Many Canadian university students, who would be indignant if someone plagiarized their own work, apparently have no qualms about acquiring and using pirated software, a recent survey reveals.
The Canadian Alliance Against Software Theft (CAAST) that conducted the survey calls this a double standard. But others beg to differ.
Among other things CAAST measured behaviours and attitudes towards software piracy of 3,000 college and university students across Canada. This sample group included 500 students identified as computer science majors. Half the students surveyed admitted to acquiring software without paying for it.
When asked how they would feel if someone plagiarized their work, 87 per cent said it would be a serious issue. Only 40 per cent feel the same about using pirated software.
This apparent disconnect is stronger among computer science students. Eighty-three per cent feel very strongly about someone stealing their own intellectual property, yet nearly two-thirds admit to downloading commercial software from the Internet without paying for it – compared with 46 per cent of students in other fields.
Such views and actions, says a piracy prevention expert, are both skewed and shortsighted.
These students aren’t considering the implications to their own future livelihood, according to Debbi Mayster, communications manager at the Business Software Alliance (BSA), CAAST’s American affiliate. “It means fewer dollars are available to the software industry to put into research and development, and hence [fewer] jobs for software developers, engineers and programmers.”
The survey’s findings are alarming, says Mayster, and indicate a need to change unethical attitudes and behaviours in university students. “These are our future business leaders. We need to raise awareness now, before they enter the business world.”
To this end, CAAST is launching a university awareness campaign dubbed ‘Define the Line’ to educate students and reinforce the message that piracy is wrong.
But G. Elijah Dann, who teaches business ethics and philosophy courses at the University of Toronto, disagrees with CAAST’s logic.
“CAAST says there’s a disconnect in students’ attitudes because they believe plagiarism is wrong but nevertheless pirate software – but I would say this is a false analogy.”
He argues that students are right to see a difference between stealing someone else’s work and claiming it as your own, and duplicating works created by corporations that make billions in profit, and using them on private machines for personal use.
“They are just replicating the item, not taking it so no one else can use it,” says Dann. Moreover, they don’t copy the software for their own profit, he says. “I’ve never run across a friend or student who would ever say, I have this software and I’ll sell it to you. They willingly share it because they know it helps…the common good.”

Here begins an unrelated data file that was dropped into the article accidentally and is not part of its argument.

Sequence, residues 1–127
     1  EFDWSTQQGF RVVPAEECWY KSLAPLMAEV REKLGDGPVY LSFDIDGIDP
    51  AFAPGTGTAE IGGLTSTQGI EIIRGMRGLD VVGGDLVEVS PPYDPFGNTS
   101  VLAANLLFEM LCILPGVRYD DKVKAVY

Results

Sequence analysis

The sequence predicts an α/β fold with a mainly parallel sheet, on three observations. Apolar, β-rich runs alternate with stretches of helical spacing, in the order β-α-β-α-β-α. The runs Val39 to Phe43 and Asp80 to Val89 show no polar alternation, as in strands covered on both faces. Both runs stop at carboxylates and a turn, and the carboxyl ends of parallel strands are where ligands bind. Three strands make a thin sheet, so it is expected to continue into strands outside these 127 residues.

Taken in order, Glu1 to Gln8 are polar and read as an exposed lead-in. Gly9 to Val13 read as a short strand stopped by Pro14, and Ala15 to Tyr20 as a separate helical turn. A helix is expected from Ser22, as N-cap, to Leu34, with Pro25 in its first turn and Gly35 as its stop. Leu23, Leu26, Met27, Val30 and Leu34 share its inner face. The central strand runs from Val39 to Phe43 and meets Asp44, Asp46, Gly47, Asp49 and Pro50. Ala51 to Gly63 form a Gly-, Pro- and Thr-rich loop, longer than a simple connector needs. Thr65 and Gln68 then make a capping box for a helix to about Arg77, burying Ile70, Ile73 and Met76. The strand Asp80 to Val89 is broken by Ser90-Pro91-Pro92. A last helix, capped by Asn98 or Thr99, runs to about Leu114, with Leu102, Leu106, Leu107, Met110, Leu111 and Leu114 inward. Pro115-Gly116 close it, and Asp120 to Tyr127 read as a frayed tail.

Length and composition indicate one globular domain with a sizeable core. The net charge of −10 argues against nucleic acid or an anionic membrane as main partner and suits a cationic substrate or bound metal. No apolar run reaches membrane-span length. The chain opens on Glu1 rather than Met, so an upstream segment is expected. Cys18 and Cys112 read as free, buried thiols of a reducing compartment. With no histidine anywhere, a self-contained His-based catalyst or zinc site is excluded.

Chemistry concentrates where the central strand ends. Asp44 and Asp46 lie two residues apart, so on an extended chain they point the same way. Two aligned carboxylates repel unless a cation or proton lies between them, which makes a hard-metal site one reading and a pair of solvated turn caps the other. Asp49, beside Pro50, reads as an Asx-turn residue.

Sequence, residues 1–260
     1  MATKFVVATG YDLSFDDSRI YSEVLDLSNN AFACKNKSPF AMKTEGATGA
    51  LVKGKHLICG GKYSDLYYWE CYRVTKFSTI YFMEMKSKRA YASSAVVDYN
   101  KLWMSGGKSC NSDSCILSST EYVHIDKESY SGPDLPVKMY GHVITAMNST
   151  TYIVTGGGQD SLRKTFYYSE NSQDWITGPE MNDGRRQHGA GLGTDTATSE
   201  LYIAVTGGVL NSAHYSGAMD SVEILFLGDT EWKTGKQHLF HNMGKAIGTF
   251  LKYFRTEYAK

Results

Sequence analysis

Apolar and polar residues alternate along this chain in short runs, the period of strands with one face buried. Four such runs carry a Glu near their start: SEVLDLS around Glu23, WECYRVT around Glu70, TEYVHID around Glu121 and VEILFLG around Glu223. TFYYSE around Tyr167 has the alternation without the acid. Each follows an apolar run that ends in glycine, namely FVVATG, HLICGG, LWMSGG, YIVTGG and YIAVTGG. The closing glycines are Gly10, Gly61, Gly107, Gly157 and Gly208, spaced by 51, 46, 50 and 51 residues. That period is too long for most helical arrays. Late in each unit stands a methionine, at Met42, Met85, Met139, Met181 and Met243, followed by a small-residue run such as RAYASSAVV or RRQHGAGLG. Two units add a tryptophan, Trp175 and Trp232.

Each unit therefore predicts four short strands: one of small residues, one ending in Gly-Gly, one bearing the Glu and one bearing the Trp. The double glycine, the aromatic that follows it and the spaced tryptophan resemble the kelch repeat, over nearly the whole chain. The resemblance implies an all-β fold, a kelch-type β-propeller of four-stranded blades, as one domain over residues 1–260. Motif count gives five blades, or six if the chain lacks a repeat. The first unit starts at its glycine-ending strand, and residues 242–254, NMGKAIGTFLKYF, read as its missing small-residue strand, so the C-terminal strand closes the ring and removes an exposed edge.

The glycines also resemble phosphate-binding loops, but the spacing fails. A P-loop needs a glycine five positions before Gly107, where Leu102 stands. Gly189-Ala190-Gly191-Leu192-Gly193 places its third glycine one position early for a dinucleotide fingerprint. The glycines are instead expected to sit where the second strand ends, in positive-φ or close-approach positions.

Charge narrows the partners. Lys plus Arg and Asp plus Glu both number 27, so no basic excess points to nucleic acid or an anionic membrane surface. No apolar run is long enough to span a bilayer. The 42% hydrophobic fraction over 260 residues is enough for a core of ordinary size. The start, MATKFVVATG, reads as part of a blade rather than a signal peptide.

The university study did not track financial losses to the software industry due to student piracy, but a previous CAAST study claimed that overall, software piracy cost the Canadian economy $1.1-billion in lost retail sales of software in 2004.
Dann believes CAAST is likely exaggerating the losses, and that its claim – even if true – raises a broader question. “If software companies are able to withstand such huge losses [caused by] piracy, then how much profit are they making in the first place? Students smell a rat.They realize the software industry is vast.”
Students may be morally relativistic but they do have a good sense of justice, Dann says. Their perception is that software companies cry foul about piracy, but make billions by controlling a commodity.
According to Dann, corporations often think they can treat ethics like a buffet. “They go to the ‘ethical buffet’ and pick and choose what they like that’s in their interests. But when people on the other side of the buffet do things that affect them, they ignore their claims. My challenge to them would be, if you want to talk ethics, move away from the buffet table and sit down with the broader community in which you live and talk about corporate ethics with all stakeholders.” says Dann.
Broader issues of economic justice should be considered, he says. For example, the high cost of software gives students from richer families an economic advantage over poorer ones.
Although most universities offer computer labs where students can use software, the cumulative effects on poorer students who have to work part-time, take the bus and spend time in labs to get a university education gives richer students a competitive edge that is unfair, he says.
“I have full sympathy for poorer kids. In fact, if one came to me and said, listen, you’re the ethics professor – I can’t afford this software, should I pirate it? I’d say, by all means do.”